In this study, researchers explored whether there is a potential synergistic effect of olaparib when combined with pegylated liposomal doxorubicin, highlighting a potential means to improve tolerability.
During a poster presentation at the European Society for Medical Oncology Virtual Congress 2020, José Alejandro Pérez Fidalgo, MD, PhD, Medical Oncologist, Gynecological and Sarcoma Unit, INCLIVA University Hospital of Valencia, Valencia, Spain, discussed the benefit of olaparib in patients with platinum-resistant ovarian cancer with BRCA wild-type tumors. The premise of this study is that the activity of olaparib may be improved with the DNA-damaging effect of chemotherapy through a synergistic effect.
The original study design of the phase 2 trial was earlier discussed and published by Pérez Fidalgo and colleagues in January 2019 when 16 patients had been recruited.1
Irrespective of BRCA status, patients with high-grade serous or endometrioid cancer and 1 previous platinum-resistant ovarian cancer (between 28 days to 6 months after last platinum therapy) were eligible for participation in the study. Patients who had received ≤4 previous lines (≤5 in patients with BRCA-mutation disease) and primary platinum-resistant ovarian cancer were only allowed in the presence of BRCA mutation, otherwise ≥1 previous platinum-sensitive relapses were required. The primary end point of the study was progression-free survival (PFS) at 6 months defined by Response Evaluation Criteria in Solid Tumors version 1.1, and the threshold for futility was defined as 40% PFS at 6 months.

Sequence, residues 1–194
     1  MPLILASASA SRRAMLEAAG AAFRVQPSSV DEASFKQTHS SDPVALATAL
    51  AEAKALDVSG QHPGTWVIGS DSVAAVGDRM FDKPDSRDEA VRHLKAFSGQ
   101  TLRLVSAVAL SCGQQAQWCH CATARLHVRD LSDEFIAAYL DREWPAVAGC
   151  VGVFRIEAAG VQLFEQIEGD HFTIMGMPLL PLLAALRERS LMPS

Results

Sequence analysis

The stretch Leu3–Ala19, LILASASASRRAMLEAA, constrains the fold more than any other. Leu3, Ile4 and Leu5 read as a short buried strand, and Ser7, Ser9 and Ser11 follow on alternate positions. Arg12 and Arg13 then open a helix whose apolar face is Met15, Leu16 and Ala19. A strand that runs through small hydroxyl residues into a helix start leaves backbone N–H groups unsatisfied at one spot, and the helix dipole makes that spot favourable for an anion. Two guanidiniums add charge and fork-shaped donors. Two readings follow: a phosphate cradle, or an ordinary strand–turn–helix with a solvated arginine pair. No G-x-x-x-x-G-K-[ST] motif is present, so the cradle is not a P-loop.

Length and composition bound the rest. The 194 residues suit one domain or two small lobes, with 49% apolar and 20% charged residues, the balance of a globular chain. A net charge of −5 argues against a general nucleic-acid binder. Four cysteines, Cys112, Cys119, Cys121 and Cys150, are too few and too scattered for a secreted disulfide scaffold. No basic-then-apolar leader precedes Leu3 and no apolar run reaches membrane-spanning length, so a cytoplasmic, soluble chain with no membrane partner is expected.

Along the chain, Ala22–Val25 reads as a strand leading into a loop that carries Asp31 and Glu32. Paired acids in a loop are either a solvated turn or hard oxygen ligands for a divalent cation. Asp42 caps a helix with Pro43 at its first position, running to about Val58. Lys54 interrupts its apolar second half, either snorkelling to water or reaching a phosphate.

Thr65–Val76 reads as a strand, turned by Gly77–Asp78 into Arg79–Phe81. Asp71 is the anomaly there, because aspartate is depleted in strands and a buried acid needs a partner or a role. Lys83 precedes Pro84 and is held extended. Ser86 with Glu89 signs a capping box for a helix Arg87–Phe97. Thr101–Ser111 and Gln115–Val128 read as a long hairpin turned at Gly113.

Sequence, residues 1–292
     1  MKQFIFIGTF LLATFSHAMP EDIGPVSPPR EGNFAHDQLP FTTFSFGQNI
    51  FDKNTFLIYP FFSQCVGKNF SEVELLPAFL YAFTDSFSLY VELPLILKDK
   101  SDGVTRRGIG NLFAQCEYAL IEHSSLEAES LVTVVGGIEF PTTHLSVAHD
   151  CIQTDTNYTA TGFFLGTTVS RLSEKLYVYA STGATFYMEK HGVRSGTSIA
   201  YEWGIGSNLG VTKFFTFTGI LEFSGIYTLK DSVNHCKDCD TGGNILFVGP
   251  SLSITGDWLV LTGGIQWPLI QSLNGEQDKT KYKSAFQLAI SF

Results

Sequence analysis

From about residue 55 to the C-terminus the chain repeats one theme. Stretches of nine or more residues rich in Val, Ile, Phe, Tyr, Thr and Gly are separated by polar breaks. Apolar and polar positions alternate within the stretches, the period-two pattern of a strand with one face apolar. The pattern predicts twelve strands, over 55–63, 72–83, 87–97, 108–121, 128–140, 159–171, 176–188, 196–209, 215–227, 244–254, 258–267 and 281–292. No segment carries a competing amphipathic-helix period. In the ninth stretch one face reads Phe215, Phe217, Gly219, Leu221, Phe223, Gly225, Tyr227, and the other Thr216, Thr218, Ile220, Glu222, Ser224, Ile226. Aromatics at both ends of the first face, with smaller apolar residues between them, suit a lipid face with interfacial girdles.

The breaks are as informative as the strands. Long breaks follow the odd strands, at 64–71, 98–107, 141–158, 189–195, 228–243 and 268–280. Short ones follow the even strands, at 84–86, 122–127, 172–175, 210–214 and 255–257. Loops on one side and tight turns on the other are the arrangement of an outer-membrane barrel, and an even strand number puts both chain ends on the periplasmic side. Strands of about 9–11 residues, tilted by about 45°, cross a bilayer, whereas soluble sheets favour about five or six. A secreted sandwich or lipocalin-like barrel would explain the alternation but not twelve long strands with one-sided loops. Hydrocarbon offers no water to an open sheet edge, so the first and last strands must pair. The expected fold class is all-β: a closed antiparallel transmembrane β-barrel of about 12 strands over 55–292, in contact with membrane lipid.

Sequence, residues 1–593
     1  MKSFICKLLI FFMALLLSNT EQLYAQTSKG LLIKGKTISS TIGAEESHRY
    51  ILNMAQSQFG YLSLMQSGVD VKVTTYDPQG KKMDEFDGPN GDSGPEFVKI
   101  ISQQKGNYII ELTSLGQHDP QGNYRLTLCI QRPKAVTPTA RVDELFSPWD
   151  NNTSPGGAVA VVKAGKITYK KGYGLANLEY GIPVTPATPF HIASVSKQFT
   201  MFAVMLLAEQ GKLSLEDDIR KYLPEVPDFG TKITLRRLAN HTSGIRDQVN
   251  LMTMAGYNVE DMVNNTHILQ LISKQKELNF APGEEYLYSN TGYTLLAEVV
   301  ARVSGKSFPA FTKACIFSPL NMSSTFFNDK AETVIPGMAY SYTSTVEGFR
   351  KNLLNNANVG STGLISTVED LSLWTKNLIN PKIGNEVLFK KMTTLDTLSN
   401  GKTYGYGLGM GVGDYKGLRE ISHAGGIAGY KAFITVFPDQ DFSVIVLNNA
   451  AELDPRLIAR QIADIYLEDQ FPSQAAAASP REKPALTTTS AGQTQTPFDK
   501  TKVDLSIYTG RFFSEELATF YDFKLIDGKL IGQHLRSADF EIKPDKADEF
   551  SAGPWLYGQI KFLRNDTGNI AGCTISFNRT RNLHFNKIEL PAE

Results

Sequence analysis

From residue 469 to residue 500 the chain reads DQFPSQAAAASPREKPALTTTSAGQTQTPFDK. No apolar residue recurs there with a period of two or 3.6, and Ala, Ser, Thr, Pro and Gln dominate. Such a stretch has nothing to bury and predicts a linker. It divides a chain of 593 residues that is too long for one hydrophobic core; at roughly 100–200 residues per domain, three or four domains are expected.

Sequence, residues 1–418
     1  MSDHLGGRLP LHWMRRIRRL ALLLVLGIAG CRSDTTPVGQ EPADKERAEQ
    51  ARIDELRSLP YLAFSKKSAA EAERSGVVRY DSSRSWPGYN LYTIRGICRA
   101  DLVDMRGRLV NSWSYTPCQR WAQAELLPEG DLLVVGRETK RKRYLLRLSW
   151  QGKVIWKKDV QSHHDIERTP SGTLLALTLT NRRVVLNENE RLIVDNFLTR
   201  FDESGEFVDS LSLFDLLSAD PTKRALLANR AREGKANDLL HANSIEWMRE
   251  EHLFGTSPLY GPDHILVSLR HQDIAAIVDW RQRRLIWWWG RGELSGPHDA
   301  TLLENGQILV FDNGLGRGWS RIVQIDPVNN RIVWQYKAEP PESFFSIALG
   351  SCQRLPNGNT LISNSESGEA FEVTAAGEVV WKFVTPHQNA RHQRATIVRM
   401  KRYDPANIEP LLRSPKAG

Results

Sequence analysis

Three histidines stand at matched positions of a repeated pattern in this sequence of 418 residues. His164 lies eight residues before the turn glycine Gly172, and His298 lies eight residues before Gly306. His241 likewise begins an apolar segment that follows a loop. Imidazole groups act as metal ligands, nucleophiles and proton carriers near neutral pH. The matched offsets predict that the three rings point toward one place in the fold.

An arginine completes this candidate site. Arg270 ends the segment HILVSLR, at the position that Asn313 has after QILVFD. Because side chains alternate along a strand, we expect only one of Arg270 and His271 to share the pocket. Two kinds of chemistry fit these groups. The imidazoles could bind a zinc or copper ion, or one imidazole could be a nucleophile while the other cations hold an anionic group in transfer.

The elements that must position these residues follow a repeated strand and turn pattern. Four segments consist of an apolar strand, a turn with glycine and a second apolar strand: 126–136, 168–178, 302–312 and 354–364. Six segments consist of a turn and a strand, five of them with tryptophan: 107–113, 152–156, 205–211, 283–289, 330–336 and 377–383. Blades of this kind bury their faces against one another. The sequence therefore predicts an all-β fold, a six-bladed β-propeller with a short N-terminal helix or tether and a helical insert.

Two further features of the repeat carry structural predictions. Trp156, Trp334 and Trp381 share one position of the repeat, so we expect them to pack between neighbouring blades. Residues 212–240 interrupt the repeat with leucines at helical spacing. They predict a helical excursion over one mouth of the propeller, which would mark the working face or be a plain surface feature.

Patients received 6 cycles of olaparib at 300 mg twice daily in addition to pegylated liposomal doxorubicin at 40 mg/m2 intravenously every 28 days, followed by 300 mg olaparib twice daily until toxicity or disease progression. A protocol amendment was enacted due to high toxicity reports, reducing the dose of pegylated liposomal doxorubicin to 30 mg/m2.
Thirty-one patients received ≥1 cycles in the intent-to-treat cohort, in which the median age was approximately 58.03 years, Eastern Cooperative Oncology Group (ECOG) performance status of 1 was 67.7%, and serous subtype 84%. Twenty patients were included in the per-protocol cohort, in which the median age was 60 years, ECOG performance status of 1 was 75%, serous subtype was 85%, and wild-type BRCA status was 75%, mutant BRCA status 20%, and unknown 5%.
In the per-protocol cohort, the 6-month PFS was 46.1% (95% confidence interval, 27.2-78.3), with a median PFS of 5.42 months (range, 4-12 months). Remarkably, the overall control rate was 90%, with 65% of patients attaining stable disease, and 25% reaching partial response.
In the intent-to-treat population, grade ≥3 adverse events (AEs) were reported by 74% of patients, with the most frequent being neutropenia (39%), anemia (19%), and febrile neutropenia (10%). Serious AEs were less frequent (21%) in the reduced dose of pegylated liposomal doxorubicin cohort (30 mg/m2) when compared with the 47% of patients receiving the larger dose of pegylated liposomal doxorubicin (40 mg/m2).
The authors concluded that regardless of BRCA status, olaparib combined with pegylated liposomal doxorubicin demonstrated clear activity with 46% of patients with a 6-month PFS rate in platinum-resistant ovarian cancer patients. Furthermore, and perhaps importantly, the study showed that pegylated liposomal doxorubicin at 30 mg/m2 in the combination was more tolerable.
Source: Pérez Fidalgo JA, et al. Ann Oncol. 2020;31(4_suppl). Abstract 832P.
1. Pérez Fidalgo JA, Iglesia M, Bohn U, et al. GEICO1601-ROLANDO: a multicentric single arm phase II clinical trial to evaluate the combination of olaparib and pegylated liposomal doxorubicin for platinum-resistant ovarian cancer. Future Sci OA. 2019;5:FSO370.